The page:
Standard Name: Pethick-Lawrence, Emmeline
Birth Name: Emmeline Pethick
Married Name: Emmeline Lawrence
Used Form: Emmeline Pethick Lawrence
Militant suffragist Votes for Women with her husband, , in 1907. The journal began as the official publication of the militant suffrage organisation, the , but in 1912 the Pethick-Lawrences distanced themselves from the WSPU and began to publish it independently. During the first half of the twentieth century published a number of suffragist pamphlets, many of them printed versions of speeches she had previously delivered. Speeches she gave in her own defence at the conspiracy trial of 1912 were published in 1913. From 1908 to 1950, she wrote many letters to the editor on a wide variety of national and international political topics. Her autobiography, 1938, largely focuses on the militant suffrage movement and the involvement in it of herself and her husband, as well as on her pacifist activities after World War One.launched and co-edited the weekly journal
Pethick-Lawrence, Emmeline. “Emmeline Pethick-Lawrence, from <span data-tei-ns-tag="tei_title" data-tei-title-lvl=‘m’>The New Crusade</span>”;. Literature of the Women’s Suffrage Campaign in England, edited by Carolyn Christensen Nelson, Broadview, 2004, pp. 65-70.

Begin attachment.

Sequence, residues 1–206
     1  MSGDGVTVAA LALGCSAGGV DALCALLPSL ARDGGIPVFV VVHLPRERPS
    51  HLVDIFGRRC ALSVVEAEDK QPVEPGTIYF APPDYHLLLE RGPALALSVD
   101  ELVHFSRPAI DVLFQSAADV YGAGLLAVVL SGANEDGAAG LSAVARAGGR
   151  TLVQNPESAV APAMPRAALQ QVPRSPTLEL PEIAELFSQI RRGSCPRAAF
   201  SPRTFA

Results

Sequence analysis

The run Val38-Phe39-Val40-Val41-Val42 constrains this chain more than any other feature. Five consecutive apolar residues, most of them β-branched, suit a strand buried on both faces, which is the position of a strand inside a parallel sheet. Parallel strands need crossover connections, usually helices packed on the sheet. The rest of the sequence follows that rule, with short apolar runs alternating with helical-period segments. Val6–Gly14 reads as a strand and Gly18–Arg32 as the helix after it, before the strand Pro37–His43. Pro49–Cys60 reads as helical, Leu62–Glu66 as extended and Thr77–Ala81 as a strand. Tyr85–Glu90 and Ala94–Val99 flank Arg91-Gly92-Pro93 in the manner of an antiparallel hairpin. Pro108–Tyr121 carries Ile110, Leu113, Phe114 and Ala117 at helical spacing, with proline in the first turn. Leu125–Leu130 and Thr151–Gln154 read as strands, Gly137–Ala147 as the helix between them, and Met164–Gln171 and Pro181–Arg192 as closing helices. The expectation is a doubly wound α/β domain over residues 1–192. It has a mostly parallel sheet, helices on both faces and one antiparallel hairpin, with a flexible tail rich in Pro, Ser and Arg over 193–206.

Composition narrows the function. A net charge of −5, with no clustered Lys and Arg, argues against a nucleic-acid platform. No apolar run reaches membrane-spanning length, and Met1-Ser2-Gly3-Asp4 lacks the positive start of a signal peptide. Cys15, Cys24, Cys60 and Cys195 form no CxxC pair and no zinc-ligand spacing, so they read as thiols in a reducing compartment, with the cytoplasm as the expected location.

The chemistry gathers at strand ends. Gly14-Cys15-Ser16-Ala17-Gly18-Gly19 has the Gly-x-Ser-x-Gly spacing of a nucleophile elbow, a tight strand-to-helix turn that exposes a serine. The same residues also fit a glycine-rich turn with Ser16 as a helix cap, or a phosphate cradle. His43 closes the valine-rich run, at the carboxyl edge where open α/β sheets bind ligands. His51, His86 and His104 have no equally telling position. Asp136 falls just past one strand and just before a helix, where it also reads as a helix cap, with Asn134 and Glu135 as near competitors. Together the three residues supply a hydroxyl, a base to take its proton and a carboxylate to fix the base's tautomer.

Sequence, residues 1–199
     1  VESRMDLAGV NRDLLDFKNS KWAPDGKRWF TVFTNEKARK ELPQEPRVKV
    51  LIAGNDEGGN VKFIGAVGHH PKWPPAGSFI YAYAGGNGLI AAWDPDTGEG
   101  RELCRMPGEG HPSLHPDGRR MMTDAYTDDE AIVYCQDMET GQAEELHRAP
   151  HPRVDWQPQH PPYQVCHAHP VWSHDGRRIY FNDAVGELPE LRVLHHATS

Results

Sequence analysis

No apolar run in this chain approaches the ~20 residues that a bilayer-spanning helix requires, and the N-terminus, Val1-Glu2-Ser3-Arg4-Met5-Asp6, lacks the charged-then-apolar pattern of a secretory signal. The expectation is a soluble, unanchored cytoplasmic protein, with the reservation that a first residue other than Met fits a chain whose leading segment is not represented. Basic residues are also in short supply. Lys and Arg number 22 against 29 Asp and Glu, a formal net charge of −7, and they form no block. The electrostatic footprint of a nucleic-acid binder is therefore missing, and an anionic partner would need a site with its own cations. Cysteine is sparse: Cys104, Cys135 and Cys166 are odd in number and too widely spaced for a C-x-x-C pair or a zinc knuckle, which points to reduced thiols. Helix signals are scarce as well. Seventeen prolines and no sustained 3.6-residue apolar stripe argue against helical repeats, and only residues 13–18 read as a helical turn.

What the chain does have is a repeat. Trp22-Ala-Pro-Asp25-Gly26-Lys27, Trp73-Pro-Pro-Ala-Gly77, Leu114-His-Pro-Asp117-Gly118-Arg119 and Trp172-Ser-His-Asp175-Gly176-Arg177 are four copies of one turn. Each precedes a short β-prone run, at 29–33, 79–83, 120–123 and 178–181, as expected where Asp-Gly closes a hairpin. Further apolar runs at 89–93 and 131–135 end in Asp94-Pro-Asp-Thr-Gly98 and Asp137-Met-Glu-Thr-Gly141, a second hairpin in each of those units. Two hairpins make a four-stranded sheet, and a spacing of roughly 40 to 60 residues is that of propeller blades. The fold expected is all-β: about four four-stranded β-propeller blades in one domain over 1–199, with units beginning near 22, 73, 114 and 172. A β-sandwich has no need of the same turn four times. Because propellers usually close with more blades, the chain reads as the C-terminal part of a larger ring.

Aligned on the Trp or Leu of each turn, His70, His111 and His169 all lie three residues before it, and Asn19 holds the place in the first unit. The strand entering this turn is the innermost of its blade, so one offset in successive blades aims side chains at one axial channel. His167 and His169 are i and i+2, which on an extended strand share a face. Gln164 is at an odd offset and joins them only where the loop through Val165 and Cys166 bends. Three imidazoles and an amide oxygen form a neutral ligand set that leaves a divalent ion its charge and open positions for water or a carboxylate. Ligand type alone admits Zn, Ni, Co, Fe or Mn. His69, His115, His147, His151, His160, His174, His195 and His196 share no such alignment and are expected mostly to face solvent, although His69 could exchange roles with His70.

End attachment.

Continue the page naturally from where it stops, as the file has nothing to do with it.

Pethick-Lawrence, Emmeline. My Part in a Changing World. Victor Gollancz, 1938.
Pethick-Lawrence, Emmeline. My Part in a Changing World. Hyperion, 1976.
Pethick-Lawrence, Emmeline. The Meaning of the Woman’s Movement. Woman’s Press.
Pethick-Lawrence, Emmeline. The New Crusade. National Women’s Social and Political Union.
Pethick-Lawrence, Frederick William, and Emmeline Pethick-Lawrence, editors. Votes for Women. Reformer’s Press.
Pethick-Lawrence, Emmeline. Why Women Want the Vote. Woman’s Press.
Pethick-Lawrence, Emmeline. Women as Race Builders. National Women’s Social and Political Union.
Pethick-Lawrence, Emmeline. “Working Girls’ Clubs”. University and Social Settlements, edited by Will Reason, Methuen, 1898.